t&g osb: how to get it to connect?

I'm installing 1 3/4 t&g osb for a basment floor on 2x4 sleepers. This is my first subfloor project.
How do I get the tongue of one 4x8 sheet to mesh with the groove in the adjoining one? Pushing doesn't seem to do it (although I found out that construction glue is really, really sticky), and hammering just smashes the hammered side. Kicking it didn't work.
I'm wishing for something like a come-along that would PULL the two sheets together, but I have no idea if such a thing exists.
I'm doing this myself, so I'm wondering if the normal method is to have several beefy guys just lean into each sheet to make it snap in. If so, the damn book neglected to mention that in the "needed tools" list!
Maybe use a hydraulic jack to push, & a 6' 2x4 along the edge?
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Darryl wrote:

The usual method is to use a scrap piece of the T&G edge. mate it to the big sheet then pound on the the scrap. You can do the same thing by scabbing something to the sleepers back a bit and then prying againsst the t&g scrap. It helps to have a helper who can step on the edge you are trying to mate to make the t meet the g right.
Harry K
Harry K
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Darryl wrote:

If you can't beat it in after protecting edge with a piece of matching scrap, try a couple of pipe clamps.
--

dadiOH
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Place a 2x4 flat along the "hammer" side of the OSB. Hit the 2x4 with a sledgehammer. Take care not to get overly aggressive with your hammering. Most subfloor panels specify 1/8" gap at all sides for expansion.
Shannon Pate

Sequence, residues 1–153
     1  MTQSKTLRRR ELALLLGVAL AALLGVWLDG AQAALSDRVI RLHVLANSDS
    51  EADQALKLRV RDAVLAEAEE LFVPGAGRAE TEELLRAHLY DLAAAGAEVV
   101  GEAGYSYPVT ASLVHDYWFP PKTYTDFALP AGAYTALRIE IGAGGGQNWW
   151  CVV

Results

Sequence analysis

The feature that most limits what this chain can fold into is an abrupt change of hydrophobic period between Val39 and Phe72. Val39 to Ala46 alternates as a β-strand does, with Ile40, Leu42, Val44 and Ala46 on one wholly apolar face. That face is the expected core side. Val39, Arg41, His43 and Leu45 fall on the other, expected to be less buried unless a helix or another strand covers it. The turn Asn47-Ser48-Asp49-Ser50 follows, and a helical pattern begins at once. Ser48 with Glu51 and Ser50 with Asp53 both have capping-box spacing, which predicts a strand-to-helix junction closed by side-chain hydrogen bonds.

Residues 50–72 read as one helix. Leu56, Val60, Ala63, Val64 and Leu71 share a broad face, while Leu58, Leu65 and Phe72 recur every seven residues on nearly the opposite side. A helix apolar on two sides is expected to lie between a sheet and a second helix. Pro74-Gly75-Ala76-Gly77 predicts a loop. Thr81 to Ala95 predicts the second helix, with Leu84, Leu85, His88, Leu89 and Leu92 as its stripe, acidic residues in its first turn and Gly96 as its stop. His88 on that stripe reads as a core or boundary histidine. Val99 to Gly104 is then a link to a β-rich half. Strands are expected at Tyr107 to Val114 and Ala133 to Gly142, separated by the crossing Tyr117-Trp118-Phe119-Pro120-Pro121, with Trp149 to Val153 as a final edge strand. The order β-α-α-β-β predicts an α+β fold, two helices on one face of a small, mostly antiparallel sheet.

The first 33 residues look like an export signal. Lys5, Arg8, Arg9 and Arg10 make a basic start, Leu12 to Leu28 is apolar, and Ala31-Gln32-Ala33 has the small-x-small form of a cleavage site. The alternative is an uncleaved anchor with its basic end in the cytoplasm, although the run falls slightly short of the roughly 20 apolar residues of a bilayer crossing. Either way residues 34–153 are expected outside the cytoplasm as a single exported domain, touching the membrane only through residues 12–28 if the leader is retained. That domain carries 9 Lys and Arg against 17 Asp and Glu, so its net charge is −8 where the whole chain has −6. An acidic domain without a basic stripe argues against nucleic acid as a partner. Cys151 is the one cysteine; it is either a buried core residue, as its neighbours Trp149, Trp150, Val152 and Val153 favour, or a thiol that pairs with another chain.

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Having a gap on T&G subfloor kinda defeats the purpose of using T&G, don't it?

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You'd think that, wouldn't ya?
However, if you nail it tight and it gets wet, the wood will try to swell. If it has room, it will expand in the gap you left around the edges. If you left no edge, it will expand anyway, raising the seam, and probably delaminating the sheets.
Then you call the supplier to complain of this horrible product he shipped and demand that it be replaced. So he sends the rep to your jobsite and thirty seconds later the rep shows you the stamp on the panel that says to maintain 1/8" gap.
After the rep leaves, you learn how difficult it is to remove screwed and glued sheets of subflooring.
Therefore, although it may "defeat the purpose," I follow the instructions as much as possible.
Shannon Pate

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Darryl wrote:

I will bet that you mean 1-1/4" as I have never heard of 1-3/4". But to get back to your question, lay a 2x4 along the free edge, then tap the sheet into the groove with a sledge hammer. Doesn't take much effort.
For future installations, I always use the tongue as a leading edge and tap the groove onto it. It is easier to install that way.
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Robert Allison
Rimshot, Inc.
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